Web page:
9. Unlike traditional power plants, an NPP cannot be installed just anywhere: it needs water (LOTS of water: a water-cooled reactor needs 50 to 80,000 tons of water PER HOUR), seismically stable flat land and as little population as possible living within a 30 kilometers radius from the plant. Unfortunately the water abundance and people scarcity are usually at odds with each other; that does not mean these conditions are not met anywhere, but it means there’s plenty of locations (entire countries in some cases) where a NPP does not make any sense at all.

Happy birthday, Three Mile Island!

32 years ago, this very day, the reactor at the Three Mile Island power station initiated a series of events and mishaps which brought about the worst nuclear accident in U.S. history.

If you care to read the simplified Wikipedia account of the accident linked above, you will see that it, too, SCRAM-med in about 8 seconds; but as this does not stop decay heat, since the turbine had stopped working, heat built up in the core leading to a partial meltdown which was stopped before it broke through the main steel vessel.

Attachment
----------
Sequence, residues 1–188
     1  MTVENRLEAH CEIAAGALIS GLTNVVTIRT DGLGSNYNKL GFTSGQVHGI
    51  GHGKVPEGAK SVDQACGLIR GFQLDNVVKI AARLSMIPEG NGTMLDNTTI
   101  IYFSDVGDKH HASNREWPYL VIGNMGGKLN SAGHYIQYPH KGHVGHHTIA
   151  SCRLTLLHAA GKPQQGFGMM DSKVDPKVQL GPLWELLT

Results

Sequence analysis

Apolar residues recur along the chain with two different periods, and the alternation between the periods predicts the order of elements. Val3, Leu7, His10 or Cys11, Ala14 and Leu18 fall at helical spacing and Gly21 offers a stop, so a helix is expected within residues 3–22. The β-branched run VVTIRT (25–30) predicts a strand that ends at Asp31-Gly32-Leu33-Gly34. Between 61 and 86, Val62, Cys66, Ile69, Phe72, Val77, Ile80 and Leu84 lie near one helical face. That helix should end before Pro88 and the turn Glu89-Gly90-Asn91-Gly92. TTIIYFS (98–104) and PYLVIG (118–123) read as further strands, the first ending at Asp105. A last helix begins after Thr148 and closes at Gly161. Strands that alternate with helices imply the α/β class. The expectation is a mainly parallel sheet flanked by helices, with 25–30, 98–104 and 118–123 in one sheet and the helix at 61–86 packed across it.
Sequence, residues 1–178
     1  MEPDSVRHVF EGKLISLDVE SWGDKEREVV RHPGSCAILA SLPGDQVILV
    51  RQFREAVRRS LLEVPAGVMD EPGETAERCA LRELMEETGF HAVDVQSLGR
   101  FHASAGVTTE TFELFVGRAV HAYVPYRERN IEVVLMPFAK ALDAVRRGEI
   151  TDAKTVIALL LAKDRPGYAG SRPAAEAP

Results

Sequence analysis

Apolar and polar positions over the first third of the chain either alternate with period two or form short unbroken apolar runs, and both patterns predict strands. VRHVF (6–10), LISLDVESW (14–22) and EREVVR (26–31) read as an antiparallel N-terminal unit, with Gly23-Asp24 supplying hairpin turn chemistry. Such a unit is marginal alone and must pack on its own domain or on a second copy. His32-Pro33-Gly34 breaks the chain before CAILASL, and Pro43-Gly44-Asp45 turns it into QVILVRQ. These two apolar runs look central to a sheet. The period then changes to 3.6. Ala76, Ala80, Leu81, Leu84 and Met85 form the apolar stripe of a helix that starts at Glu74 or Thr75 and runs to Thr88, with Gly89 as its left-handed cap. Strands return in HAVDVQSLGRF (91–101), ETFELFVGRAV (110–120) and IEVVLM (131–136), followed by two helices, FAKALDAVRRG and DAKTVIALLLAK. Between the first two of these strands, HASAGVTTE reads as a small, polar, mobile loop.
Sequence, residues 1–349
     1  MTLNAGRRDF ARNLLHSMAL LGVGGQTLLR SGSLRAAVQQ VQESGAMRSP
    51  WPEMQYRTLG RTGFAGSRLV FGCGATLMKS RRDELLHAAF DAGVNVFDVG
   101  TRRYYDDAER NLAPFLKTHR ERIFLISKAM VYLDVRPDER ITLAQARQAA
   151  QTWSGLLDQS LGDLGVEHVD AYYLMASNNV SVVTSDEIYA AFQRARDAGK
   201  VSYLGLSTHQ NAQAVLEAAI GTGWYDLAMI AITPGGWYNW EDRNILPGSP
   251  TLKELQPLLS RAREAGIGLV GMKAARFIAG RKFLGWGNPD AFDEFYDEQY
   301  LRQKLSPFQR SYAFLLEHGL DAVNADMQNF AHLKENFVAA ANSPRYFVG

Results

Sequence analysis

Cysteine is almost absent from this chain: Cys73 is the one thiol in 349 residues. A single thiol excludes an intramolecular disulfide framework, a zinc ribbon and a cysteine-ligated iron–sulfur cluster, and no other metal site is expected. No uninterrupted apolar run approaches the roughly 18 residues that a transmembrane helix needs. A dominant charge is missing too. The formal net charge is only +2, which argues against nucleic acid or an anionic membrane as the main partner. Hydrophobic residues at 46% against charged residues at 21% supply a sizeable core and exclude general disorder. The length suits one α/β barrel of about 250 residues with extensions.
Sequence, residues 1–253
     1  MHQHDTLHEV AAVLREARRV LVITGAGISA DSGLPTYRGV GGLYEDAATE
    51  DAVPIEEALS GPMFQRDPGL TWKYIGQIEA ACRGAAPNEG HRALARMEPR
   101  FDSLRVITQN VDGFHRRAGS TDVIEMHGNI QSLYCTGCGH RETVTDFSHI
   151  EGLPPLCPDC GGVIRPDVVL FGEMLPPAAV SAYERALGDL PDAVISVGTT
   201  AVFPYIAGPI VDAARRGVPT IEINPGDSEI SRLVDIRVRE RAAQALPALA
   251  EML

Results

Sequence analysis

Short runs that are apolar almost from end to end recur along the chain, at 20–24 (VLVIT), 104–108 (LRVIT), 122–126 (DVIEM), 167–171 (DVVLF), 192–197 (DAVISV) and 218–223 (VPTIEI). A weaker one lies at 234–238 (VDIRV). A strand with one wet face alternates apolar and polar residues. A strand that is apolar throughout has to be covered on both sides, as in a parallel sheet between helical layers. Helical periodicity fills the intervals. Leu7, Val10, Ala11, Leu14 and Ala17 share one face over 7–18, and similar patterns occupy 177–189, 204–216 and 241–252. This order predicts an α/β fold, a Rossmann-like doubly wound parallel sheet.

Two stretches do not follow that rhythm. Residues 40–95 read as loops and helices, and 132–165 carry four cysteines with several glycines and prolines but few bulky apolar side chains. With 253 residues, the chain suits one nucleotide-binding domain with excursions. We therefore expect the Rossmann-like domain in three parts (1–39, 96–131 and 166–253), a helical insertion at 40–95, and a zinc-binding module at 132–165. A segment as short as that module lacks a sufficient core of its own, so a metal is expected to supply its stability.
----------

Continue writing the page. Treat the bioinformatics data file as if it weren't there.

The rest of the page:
Putting my Nuclear Engineering degree to work (sadly) !

I thought not many people knew I am Nuclear Engineer by background, but evidently they are enough to have a few of them asking what is my opinion about the situation in Japan. And knowing how complex such plants are, and to avoid showing disrespect for a wonderful nation hit by such a cruel catastrophe by treating these matters superficially, I will refrain from any analysis of a technical nature.

I will instead state four simple and – I believe – objective facts, all of which I learned in my university years.

Fact 1 – Nuclear Power Stations are small.